“I have over 20,000 items in this store, [that’s] my guesstimate. I’ve never done an inventory because I have one of this and one of that. I have a photogenic memory so if somebody says, ‘I want something in particular,’ I’ll go right to it,” Shabtie said. “My phrase is ‘Everything from head to toe for men and women.’ ”

That’s not an exaggeration either. The racks are filled with vintage garments, from dressy to cocktail to more casual styles.

“I repair whatever I can and send out [what I can’t],” Shabtie said.

Each garment comes with a story, or as much information as Shabtie can find on it.

“On my tags, I write tons of stuff about it and nobody leaves without me telling them how to take care of something,” Shabtie said.

Shabtie cares about where these 20th-century garments and accessories end up because there’s a limited supply.

“It’s hard because, in 20 years, this business is going to be dead because . . . there’s only so much left,” Shabtie said. “My fantasy is to have everything I’ve sold find its way back to me. I can still remember pieces I sold that I regret. I have seller’s remorse every day. [Customers] don’t know and I don’t tell them but I’m physically and mentally attached to each piece because of all the work . . . and then it leaves.”

Shabtie and Fiorenza are two of many entrepreneurs who decided to open businesses last year. Perhaps surprisingly, more than 487,500 new businesses have been listed on Yelp between March 11, 2020, and March 1, 2021. That’s down only 14% from the previous year.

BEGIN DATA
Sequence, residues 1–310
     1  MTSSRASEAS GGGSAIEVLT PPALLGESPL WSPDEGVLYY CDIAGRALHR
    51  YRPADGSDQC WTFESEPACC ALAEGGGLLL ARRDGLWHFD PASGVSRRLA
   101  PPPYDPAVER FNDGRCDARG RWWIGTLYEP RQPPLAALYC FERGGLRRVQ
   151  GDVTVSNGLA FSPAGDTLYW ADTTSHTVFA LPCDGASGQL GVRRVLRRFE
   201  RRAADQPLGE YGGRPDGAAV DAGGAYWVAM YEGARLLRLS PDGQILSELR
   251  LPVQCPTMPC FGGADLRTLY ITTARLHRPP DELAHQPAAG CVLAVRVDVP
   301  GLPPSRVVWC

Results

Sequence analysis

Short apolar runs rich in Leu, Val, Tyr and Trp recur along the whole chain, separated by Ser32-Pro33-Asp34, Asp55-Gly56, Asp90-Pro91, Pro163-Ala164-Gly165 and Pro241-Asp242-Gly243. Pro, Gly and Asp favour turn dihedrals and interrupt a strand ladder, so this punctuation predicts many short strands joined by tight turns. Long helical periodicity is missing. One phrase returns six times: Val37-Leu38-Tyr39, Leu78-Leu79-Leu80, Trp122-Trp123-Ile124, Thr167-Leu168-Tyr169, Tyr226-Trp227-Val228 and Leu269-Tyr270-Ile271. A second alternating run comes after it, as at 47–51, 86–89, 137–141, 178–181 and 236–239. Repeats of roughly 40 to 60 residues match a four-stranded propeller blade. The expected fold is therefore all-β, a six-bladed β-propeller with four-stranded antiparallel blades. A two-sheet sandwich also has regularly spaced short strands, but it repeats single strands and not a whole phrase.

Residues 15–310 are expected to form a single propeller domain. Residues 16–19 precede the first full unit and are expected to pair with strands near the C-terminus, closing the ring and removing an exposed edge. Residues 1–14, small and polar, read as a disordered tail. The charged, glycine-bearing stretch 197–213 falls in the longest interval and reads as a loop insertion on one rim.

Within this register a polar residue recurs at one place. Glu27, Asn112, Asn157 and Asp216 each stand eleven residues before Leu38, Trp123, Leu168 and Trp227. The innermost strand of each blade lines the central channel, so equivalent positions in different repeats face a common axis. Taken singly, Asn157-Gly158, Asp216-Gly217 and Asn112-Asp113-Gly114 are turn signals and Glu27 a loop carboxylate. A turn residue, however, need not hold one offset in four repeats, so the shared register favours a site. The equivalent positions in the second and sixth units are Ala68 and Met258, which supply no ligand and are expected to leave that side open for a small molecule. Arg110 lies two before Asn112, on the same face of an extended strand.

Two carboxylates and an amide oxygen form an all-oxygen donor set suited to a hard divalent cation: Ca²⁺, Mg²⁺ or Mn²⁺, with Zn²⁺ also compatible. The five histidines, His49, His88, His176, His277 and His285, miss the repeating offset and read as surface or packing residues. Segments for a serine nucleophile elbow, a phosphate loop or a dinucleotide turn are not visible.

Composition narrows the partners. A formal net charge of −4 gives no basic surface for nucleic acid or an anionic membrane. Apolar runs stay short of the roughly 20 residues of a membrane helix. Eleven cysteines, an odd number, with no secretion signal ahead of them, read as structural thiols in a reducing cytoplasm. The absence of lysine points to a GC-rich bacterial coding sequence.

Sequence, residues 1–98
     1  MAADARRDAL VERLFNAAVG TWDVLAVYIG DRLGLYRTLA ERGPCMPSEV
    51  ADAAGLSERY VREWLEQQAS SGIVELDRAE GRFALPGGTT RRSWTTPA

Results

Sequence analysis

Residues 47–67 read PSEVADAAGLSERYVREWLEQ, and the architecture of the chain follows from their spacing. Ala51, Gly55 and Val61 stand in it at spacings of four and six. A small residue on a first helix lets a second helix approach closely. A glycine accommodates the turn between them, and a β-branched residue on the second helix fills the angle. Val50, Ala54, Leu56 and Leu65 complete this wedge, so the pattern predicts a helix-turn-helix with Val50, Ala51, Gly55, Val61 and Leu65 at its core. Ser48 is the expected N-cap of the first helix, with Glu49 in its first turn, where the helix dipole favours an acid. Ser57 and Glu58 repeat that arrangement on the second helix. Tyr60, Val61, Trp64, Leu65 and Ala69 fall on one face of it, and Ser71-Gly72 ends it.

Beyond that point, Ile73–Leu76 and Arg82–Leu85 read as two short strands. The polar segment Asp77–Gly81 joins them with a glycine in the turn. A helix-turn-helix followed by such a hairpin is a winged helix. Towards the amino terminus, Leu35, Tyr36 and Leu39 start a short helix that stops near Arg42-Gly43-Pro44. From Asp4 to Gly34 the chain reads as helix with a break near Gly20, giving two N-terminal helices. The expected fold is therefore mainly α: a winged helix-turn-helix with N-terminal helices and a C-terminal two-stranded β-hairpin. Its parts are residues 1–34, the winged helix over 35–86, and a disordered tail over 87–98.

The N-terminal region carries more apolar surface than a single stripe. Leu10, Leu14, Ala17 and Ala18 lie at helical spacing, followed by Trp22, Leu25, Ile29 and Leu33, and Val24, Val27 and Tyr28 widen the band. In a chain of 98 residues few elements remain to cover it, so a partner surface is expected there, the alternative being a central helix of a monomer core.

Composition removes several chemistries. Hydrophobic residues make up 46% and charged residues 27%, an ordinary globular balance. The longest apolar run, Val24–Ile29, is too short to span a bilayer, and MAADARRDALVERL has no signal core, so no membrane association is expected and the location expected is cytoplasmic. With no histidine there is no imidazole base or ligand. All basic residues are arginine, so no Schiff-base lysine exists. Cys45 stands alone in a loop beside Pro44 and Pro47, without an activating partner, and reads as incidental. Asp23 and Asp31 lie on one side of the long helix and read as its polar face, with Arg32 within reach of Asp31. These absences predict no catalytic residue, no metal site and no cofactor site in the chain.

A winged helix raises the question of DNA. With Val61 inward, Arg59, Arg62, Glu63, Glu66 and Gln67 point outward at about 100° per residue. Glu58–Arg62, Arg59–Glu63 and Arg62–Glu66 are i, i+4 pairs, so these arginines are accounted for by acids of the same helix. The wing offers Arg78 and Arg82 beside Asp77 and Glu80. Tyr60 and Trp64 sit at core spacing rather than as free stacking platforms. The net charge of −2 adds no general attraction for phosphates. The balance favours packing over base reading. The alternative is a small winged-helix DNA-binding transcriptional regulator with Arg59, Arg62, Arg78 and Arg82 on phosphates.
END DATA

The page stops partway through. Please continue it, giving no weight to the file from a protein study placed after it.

Unique challenges

Setting up a shop in the middle of a pandemic has come with unique challenges.

Shabtie got the keys to the shop in September but didn’t open until after Election Day. “It took me two solid months of unpacking a 26-foot truck by myself and setting up the store, by myself, and pricing everything by myself and steaming everything by myself,” Shabtie said.

For Fiorenza, the holiday season was successful, however, she closed the month of January because things were so quiet. During that time, she continued operations online.

“I think it’s so important to support artists who are actually painting right now. This is their livelihood, and a lot of them were really affected by COVID — they had shows canceled. And art, even if it’s affordable it’s still an item that you don’t buy every day. So they were really affected, so I tried my best, I did a lot more online,” Fiorenza said.

With the nicer weather, they hope that there will be more foot traffic.

“Of course, we both don’t know how busy it may be or we haven’t experienced it. Right now, you could read a book in the middle of the street and they’ll just drive around you,” Shabtie said.

“This is the Arts District so I’m hoping that once things open up a little more we’ll get some more people over here, more tourists in the summer,” Fiorenza said.

For more on Collective 131 visit For more on The Vintage Shop visit

Categories: Art, Life and Arts